WPMU’s Best in WordPress: November 5th – 11th
Lots of great links in this Best in WordPress episode, and we’re going to get right to it. This week, we focus on productivity plugins and styling your responsive sites.
If you use Photoshop and you design sites, you’re going to love this link. CSS3Ps developed a plugin for Photoshop which converts your layers to valid CSS3 to use inside your design projects. Works amazingly well and delivers clean code.
John O’Nolan is one of the original WordPress UI developers and he’s dreamed up a new web framework called Ghost that puts the focus back on blogging; one, he claims, that doesn’t try to be an all-inclusive CMS, like WordPress. The concept propelled the post to the top of Hacker News.
If you want to read some interesting responses to John’s Ghost proposal (and get a glimpse of the potential new WordPress Dashboard), check out the direct responses from the WordPress creators and stewards at Ycombinator.
Small business owners and consultants who bill for time or services are going to love this post showing you a slew of cool plugins that help you create, manage, and send invoices inside your WordPress installation.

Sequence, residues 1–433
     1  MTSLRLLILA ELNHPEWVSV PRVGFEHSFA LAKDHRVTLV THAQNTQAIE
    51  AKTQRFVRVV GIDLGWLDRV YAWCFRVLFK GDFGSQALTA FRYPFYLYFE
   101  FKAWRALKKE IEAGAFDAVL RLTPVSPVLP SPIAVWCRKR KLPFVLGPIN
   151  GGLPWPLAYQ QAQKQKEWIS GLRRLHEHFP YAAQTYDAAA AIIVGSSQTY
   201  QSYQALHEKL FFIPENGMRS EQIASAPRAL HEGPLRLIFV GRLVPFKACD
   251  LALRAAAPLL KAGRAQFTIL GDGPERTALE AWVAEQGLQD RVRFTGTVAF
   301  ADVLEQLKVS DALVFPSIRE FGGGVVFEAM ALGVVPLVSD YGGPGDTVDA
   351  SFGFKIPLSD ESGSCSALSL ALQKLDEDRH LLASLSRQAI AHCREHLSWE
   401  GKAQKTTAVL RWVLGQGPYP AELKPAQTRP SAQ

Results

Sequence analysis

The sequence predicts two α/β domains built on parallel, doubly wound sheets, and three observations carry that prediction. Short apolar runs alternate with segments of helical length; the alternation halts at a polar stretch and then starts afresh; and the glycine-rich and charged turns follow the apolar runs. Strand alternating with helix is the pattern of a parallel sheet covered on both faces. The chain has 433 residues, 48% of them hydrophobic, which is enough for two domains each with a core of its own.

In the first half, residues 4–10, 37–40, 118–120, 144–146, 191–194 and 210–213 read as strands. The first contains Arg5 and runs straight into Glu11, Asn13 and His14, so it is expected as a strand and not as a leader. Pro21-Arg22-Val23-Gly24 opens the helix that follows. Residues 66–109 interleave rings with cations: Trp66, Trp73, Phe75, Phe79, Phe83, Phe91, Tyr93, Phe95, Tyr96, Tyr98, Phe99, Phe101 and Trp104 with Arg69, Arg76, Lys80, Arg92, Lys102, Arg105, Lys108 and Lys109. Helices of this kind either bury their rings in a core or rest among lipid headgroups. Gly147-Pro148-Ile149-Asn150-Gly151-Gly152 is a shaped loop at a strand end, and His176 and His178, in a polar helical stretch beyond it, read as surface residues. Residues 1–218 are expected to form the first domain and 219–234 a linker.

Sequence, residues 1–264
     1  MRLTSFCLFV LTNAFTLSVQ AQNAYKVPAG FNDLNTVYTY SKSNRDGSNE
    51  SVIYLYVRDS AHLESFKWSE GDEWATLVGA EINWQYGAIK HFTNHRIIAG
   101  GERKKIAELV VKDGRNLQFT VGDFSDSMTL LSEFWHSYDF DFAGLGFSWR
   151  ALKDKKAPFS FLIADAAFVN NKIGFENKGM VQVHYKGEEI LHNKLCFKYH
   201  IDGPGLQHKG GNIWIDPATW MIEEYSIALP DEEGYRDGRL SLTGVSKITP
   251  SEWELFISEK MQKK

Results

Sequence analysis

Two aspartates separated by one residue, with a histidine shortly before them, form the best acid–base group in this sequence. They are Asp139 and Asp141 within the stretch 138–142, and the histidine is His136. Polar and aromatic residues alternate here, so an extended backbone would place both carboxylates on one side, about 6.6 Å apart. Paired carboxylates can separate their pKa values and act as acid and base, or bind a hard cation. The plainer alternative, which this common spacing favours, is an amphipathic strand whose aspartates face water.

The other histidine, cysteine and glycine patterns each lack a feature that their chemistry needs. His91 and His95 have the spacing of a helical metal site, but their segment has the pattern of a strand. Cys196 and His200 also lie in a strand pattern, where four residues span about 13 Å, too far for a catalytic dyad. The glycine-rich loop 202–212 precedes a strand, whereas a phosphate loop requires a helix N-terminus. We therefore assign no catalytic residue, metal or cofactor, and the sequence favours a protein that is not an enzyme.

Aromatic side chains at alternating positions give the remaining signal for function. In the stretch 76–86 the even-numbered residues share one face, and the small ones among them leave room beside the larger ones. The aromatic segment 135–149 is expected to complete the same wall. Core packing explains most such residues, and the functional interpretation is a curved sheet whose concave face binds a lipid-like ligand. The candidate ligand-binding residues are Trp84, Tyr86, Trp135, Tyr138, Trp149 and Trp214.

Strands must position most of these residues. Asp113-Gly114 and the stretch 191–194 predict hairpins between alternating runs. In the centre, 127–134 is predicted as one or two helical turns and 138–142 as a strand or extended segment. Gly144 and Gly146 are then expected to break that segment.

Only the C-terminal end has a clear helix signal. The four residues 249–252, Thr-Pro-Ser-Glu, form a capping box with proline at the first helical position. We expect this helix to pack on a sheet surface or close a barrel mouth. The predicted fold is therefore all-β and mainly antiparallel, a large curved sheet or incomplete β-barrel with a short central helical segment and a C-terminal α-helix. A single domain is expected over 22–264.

This post teaches you everything you need to know about the viewport meta tag, which is used in responsive web design to resize your site for mobile browsing. It’s a long and informative tutorial, including links to other popular responsive web design resources.
Icons fonts are great for adding simple graphics to things like menus, buttons, and text elements – all without having to use large images or adding http requests. This post gives you a list of 20 icon fonts you can integrate into your site for free.
If you’re a newbie trying to install WordPress on your server the famous “5-minute install” is probably the way to go. But if you don’t have access to Fantastico through your host you need another installation method. This post from WPHub revisits the popular install and helps you install WordPress using your cPanel and MySQL database
Making your menus more “usable” is just as important in responsive design as changing your site layouts. Changing clickable menus to drop-downs, rollers, or swipe-able menus was previously the domain of developers using custom code. But there’s a great plugin to help convert your menus in responsive design. This post shows you how to do it.
If you’ve found a great resource you think we should know about – please send us a note or leave a comment here.
That’s it for this week. Check back same time next week for more of The Best in WordPress.